Camp Richardson is a community in South Lake Tahoe, in El Dorado County, California. It lies at an elevation of 6,250 feet in the Sierra Nevada. Camp Richardson includes an RV park (100 sites), campground, a small rustic hotel (about 27 rooms), cabins, marina, restaurant on the beach, general store, bike rental facility, ice cream, and coffee shop.
We stayed at Camp Richardson for a week in June 2022. Aside from one isolated negative experience, we found the staff to be friendly and helpful, and it was a good camping experience. Keep in mind that the weather around the lake will heavily impact your experience. Heavy wind or rain can make being around the lake quite unpleasant.
The location is one of the most compelling aspects of Camp Richardson. The community is on the shore of Lake Tahoe, where there is a beautiful public beach and marina. On the weekends, the beach is bustling, but on weekdays, it was very comfortable. You can rent kayaks, stand-up paddleboards, jet skis, and boats from the Camp Richardson marina.
It’s a 2-5 minute walk from the cabins to the shoreline, and some cabins are directly next to the shoreline. From the campground and RV park, it’s a comfortable 10-minute (½ mi walk) to the lake. Camp Richardson is named after its first postmaster, Alonzo L. Richardson
Overall, the RV park was reasonably clean and well-maintained, and the sites are pretty standard for an RV park like this. Sites are close together, but the numerous tall trees help it feel a bit more spacious. There are many great sites for group and family get-togethers, and the staff was very good about trying to place related parties close together. On the weekend we were there, the RV park was packed, with multiple groups camping together, and a fair amount of partying right up until the quiet time of 10 pm. On weeknights, there were many open spaces, and generally, the evenings were much quieter.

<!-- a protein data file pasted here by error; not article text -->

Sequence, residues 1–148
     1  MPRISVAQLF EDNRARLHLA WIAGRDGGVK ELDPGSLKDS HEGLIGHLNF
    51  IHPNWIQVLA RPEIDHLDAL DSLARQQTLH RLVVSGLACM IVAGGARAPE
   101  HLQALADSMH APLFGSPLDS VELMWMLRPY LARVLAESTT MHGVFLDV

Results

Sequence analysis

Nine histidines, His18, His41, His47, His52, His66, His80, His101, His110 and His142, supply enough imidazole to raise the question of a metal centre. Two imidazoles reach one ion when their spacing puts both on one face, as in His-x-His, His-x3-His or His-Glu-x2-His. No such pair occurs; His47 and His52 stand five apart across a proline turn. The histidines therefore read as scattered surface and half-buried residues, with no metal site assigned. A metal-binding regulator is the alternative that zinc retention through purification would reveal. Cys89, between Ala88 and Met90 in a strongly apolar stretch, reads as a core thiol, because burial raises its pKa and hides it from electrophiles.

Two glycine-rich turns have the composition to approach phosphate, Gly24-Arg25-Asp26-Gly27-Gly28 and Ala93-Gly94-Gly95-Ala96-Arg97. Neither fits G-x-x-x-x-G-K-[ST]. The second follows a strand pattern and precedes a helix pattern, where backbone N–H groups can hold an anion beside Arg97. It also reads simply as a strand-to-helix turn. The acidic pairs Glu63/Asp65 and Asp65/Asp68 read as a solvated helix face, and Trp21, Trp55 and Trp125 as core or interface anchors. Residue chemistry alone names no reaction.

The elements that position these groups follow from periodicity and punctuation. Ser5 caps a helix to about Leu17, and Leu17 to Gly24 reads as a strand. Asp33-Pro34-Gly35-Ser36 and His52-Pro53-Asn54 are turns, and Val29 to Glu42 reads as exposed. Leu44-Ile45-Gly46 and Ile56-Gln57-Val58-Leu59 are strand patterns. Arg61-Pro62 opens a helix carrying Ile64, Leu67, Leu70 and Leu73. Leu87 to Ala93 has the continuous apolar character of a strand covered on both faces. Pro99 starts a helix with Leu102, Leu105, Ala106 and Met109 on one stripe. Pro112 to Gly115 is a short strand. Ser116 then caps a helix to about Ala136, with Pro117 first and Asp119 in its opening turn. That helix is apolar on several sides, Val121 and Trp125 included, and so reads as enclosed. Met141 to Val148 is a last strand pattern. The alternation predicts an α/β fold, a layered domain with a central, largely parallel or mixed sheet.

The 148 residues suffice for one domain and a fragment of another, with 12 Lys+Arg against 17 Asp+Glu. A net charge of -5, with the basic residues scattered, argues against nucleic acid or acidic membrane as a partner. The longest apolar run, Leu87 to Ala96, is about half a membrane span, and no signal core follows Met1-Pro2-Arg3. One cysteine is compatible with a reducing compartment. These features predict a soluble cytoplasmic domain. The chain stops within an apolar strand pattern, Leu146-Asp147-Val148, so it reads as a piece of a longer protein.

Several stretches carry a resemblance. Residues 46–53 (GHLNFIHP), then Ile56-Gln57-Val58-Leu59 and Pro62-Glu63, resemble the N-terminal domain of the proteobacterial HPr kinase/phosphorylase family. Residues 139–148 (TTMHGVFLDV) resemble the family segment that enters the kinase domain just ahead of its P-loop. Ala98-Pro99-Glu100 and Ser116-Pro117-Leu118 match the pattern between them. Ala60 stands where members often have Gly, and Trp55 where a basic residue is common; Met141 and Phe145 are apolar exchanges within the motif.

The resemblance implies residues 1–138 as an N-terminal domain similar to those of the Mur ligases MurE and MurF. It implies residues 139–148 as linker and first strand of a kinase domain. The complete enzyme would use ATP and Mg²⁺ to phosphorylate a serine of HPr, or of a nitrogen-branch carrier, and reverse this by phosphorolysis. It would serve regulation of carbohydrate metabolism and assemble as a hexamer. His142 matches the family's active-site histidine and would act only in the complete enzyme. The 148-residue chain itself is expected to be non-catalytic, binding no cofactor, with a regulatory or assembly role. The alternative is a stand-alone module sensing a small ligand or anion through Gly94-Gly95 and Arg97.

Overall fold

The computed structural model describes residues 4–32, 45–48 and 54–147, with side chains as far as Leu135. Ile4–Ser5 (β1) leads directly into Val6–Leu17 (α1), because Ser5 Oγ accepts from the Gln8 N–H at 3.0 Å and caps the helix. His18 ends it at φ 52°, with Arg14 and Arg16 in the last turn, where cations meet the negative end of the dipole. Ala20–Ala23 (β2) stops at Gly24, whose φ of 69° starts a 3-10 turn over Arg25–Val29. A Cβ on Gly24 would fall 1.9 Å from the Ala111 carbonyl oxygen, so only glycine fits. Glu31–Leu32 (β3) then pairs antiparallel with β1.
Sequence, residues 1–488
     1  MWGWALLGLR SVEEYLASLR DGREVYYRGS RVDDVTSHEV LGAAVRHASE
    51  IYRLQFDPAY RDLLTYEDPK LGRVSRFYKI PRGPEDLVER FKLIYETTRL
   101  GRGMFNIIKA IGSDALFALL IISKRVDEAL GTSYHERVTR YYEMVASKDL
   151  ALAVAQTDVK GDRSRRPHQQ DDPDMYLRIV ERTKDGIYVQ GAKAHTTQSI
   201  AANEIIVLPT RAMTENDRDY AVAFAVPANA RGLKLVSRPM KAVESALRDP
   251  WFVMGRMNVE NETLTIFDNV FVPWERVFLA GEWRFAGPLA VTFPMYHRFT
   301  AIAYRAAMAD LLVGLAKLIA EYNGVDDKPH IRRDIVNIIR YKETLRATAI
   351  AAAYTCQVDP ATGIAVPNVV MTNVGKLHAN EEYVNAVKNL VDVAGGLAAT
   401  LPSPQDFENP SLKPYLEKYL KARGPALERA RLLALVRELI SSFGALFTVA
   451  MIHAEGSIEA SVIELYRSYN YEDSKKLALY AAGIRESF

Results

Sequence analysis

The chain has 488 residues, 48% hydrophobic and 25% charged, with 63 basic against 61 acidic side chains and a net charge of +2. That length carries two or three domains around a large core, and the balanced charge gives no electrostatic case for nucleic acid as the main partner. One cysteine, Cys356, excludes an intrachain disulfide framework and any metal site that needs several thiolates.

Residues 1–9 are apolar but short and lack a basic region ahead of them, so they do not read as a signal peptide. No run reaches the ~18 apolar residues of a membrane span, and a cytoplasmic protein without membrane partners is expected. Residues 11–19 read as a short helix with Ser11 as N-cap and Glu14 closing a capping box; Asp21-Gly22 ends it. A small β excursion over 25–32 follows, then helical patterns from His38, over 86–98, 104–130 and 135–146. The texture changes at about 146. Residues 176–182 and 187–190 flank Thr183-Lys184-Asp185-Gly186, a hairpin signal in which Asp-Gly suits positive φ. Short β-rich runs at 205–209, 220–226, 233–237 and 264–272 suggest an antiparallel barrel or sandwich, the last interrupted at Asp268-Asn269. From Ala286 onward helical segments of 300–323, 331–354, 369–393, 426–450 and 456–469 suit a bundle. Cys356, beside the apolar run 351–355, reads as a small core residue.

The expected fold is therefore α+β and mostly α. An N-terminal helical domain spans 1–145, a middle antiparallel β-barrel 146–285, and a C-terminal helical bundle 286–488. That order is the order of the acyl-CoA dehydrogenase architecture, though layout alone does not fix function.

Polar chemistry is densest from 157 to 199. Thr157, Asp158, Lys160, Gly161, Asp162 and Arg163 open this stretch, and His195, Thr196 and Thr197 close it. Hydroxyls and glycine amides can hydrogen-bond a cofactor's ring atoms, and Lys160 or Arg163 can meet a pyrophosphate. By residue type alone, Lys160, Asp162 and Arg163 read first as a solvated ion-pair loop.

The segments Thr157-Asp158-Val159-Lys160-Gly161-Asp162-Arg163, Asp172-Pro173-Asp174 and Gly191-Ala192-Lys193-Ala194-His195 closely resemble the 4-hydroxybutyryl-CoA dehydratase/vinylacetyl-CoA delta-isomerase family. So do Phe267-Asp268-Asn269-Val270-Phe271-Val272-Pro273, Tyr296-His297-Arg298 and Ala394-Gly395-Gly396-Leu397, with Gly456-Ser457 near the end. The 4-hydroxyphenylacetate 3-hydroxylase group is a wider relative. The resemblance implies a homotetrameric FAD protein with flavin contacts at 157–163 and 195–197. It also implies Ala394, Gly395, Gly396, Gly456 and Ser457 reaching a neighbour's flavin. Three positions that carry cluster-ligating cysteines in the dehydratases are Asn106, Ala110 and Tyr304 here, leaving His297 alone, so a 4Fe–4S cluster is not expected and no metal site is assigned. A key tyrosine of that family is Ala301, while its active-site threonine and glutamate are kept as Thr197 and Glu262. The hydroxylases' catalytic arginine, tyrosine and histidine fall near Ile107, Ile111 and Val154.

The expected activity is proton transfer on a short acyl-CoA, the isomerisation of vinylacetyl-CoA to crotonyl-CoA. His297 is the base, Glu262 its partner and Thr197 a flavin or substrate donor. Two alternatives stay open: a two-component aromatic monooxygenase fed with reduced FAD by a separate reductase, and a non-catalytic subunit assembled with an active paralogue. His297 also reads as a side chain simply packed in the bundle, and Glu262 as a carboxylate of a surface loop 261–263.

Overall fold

The RV Park accommodates about 100 RVs ranging from 25-40 feet. Most sites have water and electricity and a few sites have sewer hookups. However, for the size of the park, there were not enough bathrooms or showers. Restrooms did not appear to be cleaned regularly, and the stall doors and shower doors were ill-fitting and needed maintenance. The restroom facilities definitely do not live up to the rest of the amenities of the park. There is only one dump station, which is not adequate for a park of this size. For example, on Sunday at check-out time, there was a line of eight RVs waiting to dump at that one station.
Signage for the RV Park is also confusing. Be sure to look at the online map before you arrive, or you’ll drive right past the entrance when you arrive (two of the three drivers in our group missed the entrance).
It’s a 10-minute walk (½ mi) from the RV park to the beach and the shorefront restaurant along a well-defined road. You can drive, but you’ll have to pay for beach parking.
Pope Baldwin Bike Path
Another great benefit of Camp Richardson is that it is directly on a protected (meaning separate from the road and traffic) 8-mile bike path that stretches from Tahoe Valley (the closest town) through Camp Richardson and up to beautiful Baldwin Beach. The bike path is safe for kids, although it can get crowded on the weekends.
If you are in good shape, you can rent bikes from Mountain Sports Center at Camp Richardson ($20 per hour + $5 for each additional hour). However, we rented e-bikes from South Shore Bikes for $20/hour or $60/all day because they had both E-bikes and kids’ bikes. There is a clearly-defined bike route through residential streets (Eloise Ave) from South Shore Bikes to the start of the Pope Baldwin Bike Path. We had some people 60+ in our group, and they found riding the e-bikes to be great fun, and a highlight of the trip.